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Figure 2 | Respiratory Research

Figure 2

From: Chronic Obstructive Pulmonary Disease, inflammation and co-morbidity – a common inflammatory phenotype?

Figure 2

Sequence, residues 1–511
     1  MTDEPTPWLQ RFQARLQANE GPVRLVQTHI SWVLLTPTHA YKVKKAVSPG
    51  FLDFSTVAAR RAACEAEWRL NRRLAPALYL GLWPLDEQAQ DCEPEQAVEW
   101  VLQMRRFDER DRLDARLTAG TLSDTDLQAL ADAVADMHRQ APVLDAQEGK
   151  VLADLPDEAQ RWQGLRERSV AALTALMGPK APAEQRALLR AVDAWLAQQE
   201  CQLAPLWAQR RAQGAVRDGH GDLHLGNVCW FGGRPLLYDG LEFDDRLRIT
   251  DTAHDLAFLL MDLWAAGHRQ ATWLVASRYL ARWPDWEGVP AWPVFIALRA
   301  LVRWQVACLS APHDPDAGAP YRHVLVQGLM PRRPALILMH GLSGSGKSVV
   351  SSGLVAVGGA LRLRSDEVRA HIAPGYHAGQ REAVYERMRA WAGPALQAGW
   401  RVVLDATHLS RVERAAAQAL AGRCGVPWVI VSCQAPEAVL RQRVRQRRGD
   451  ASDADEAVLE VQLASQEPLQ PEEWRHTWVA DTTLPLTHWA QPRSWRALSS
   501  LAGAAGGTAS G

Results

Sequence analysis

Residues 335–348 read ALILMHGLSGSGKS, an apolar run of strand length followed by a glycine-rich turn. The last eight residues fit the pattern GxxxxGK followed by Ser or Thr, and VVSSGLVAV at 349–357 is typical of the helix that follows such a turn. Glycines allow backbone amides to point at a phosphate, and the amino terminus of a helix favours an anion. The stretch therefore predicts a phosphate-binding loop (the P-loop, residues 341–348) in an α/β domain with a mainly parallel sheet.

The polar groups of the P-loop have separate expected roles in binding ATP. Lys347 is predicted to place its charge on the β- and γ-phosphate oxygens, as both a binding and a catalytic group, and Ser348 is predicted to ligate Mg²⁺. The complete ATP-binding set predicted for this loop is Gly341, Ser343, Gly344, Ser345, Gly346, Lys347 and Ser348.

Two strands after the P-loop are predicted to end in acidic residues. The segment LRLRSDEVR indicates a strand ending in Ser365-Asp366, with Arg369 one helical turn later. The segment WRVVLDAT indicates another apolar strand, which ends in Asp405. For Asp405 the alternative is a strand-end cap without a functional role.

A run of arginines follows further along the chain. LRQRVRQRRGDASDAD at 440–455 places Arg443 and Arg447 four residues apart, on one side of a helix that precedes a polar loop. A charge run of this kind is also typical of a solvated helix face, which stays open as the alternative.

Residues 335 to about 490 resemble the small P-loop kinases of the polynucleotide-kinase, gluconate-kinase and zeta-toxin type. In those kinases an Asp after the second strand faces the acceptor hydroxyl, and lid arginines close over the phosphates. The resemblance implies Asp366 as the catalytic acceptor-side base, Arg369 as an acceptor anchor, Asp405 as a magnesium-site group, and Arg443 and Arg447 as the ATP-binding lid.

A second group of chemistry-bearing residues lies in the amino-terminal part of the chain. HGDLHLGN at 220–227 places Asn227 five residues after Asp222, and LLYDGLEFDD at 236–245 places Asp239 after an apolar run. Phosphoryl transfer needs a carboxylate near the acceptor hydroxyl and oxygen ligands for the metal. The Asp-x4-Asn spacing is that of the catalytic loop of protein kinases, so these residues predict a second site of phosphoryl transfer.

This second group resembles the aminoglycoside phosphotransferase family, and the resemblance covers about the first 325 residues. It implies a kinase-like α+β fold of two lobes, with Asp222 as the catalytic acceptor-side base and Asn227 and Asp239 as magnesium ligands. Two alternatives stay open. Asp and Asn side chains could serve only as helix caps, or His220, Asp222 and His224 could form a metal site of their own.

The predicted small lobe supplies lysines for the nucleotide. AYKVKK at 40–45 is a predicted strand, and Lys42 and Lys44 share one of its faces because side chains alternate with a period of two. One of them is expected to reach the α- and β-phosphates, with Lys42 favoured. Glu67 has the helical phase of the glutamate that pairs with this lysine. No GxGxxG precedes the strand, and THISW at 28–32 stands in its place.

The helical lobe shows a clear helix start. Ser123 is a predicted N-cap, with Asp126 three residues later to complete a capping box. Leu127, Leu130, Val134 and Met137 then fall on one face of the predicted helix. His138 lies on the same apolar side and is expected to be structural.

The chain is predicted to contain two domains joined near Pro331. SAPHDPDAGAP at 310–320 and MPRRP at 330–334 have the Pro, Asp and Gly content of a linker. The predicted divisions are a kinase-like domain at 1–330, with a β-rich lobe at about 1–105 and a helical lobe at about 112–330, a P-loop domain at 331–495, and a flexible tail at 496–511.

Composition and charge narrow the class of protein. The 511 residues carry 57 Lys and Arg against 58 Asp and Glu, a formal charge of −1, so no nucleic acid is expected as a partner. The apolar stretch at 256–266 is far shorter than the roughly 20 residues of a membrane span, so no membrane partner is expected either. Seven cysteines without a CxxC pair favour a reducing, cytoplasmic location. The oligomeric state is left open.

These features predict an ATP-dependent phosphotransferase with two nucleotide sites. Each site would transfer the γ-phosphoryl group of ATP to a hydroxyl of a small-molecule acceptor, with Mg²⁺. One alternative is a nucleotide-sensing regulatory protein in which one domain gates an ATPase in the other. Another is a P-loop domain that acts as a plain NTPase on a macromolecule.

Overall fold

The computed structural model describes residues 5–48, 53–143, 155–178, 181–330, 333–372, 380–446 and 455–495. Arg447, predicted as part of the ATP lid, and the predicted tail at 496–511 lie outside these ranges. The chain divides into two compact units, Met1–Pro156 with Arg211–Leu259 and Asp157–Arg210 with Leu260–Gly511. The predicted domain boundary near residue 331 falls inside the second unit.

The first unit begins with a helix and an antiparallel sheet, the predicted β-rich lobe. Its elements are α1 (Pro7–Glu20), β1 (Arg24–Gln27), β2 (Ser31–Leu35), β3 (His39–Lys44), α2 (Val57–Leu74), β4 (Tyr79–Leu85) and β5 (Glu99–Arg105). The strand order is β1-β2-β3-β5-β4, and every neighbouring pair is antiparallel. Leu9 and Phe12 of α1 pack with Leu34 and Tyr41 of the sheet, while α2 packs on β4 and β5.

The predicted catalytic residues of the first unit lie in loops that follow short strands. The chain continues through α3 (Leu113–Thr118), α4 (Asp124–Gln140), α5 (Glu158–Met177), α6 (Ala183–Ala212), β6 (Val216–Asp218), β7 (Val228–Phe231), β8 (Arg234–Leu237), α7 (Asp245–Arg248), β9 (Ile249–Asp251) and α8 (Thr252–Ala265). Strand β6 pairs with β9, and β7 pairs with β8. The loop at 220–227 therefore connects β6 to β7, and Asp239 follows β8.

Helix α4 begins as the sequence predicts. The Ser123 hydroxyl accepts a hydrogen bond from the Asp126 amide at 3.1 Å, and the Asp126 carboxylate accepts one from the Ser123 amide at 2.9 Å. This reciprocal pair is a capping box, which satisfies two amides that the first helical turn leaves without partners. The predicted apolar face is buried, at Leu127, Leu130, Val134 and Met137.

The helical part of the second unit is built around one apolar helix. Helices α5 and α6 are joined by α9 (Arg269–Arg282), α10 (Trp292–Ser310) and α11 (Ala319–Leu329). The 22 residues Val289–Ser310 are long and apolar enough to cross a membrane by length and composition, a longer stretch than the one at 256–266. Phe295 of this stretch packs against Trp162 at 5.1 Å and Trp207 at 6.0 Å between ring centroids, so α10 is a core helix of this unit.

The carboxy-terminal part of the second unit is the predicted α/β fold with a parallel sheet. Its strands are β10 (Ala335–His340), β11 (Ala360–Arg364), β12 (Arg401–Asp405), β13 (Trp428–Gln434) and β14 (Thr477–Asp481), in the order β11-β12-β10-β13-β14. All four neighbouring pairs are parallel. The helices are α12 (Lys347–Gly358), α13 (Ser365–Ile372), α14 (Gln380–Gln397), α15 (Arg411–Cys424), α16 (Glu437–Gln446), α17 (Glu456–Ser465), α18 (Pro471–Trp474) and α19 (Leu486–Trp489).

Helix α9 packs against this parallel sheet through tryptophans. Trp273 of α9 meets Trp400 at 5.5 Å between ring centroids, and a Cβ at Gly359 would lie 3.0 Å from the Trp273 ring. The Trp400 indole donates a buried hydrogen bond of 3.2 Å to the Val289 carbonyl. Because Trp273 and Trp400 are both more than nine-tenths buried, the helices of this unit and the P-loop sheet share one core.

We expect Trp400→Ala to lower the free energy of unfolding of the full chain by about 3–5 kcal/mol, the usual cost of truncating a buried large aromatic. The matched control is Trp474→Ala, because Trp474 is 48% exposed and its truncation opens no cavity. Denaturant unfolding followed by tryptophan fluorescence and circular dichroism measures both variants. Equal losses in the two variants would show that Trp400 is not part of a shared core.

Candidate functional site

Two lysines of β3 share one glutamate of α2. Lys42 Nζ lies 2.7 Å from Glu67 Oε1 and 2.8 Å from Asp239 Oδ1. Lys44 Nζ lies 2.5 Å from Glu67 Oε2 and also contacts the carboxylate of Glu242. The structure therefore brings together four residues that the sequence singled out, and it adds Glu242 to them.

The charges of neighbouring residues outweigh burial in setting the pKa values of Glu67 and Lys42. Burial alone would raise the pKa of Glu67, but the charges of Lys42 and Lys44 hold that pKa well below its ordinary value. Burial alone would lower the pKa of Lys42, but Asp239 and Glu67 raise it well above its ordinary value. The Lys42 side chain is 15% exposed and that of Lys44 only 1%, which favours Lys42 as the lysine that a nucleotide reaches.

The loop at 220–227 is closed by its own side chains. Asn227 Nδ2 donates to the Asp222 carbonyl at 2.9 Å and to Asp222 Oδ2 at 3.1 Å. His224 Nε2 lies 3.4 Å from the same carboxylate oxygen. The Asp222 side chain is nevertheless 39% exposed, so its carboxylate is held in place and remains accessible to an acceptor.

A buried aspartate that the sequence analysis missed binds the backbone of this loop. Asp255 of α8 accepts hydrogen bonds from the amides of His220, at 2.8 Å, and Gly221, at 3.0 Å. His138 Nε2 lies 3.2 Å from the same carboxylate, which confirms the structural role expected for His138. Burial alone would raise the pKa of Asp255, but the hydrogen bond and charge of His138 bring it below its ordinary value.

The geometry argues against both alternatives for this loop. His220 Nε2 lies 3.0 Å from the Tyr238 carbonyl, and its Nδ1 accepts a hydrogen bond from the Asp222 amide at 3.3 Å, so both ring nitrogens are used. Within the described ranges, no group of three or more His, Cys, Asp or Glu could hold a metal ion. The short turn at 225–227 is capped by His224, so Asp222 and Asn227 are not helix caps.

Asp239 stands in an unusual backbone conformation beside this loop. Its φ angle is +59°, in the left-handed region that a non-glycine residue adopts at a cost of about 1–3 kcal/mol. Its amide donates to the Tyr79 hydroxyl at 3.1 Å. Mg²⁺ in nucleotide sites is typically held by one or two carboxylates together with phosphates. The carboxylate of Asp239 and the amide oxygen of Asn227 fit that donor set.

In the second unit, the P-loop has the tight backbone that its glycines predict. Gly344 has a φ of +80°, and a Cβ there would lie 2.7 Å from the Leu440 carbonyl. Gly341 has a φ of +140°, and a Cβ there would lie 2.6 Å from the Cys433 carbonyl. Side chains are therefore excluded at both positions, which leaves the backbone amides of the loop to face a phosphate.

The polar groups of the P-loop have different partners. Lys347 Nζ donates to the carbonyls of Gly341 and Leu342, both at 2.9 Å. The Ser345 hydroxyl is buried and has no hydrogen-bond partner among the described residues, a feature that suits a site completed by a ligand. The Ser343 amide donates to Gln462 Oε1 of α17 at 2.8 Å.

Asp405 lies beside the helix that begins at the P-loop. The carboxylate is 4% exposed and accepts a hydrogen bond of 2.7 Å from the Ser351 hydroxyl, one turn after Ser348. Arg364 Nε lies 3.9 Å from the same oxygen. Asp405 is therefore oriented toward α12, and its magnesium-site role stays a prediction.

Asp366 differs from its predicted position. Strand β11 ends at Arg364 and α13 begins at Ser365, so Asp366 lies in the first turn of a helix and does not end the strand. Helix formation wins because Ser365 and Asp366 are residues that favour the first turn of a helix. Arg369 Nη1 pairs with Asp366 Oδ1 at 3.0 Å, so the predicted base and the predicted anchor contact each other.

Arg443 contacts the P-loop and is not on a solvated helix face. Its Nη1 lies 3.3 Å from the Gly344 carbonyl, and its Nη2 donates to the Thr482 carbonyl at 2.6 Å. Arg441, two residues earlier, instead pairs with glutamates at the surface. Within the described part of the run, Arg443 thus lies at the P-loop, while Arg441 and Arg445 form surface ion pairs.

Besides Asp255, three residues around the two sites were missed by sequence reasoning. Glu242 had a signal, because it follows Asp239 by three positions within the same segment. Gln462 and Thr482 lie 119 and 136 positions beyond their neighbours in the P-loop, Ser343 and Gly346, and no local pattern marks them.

The roles of TNF-α, adiponectin and NF-κB in the metabolic syndrome. [Adapted from Sonnenberg et al (41)] TNF-α secreted from adipose tissue in conjunction with circulating glucose, FFA and insulin stimulate NF-κB activation. This action is opposed by adiponectin (indicated by the broken line), also secreted from adipose tissue. Activation of the PPARγ pathway (for example by TZDs) has been shown to directly increase expression of adiponectin and reduce TNF-α. Further activation of NF-κB is induced through the resulting increase in inflammatory cytokines, adhesion molecules and oxidative stress, leading to the clinical manifestations of the metabolic syndrome. The metabolic syndrome is a constellation of cardiovascular risk factors that is associated with a trebling of risk of type 2 diabetes and a doubling of risk of cardiovascular disease. Several definitions have been proposed [80-83] leading to some confusion and differences in prevalence rates. The International Diabetes Federation have recently proposed a practical, globally applicable definition of the syndrome using waist circumference plus any two of raised triglycerides, reduced HDL-cholesterol, raised blood pressure and raised fasting plasma glucose [84]. TNF-α – tumour necrosis factor alpha NF-κB – nuclear factor kappa beta FFA – free fatty acid LDL – low-density lipoprotein PPARγ – peroxisome proliferator activated receptor gamma TZD – thiazolidenedione

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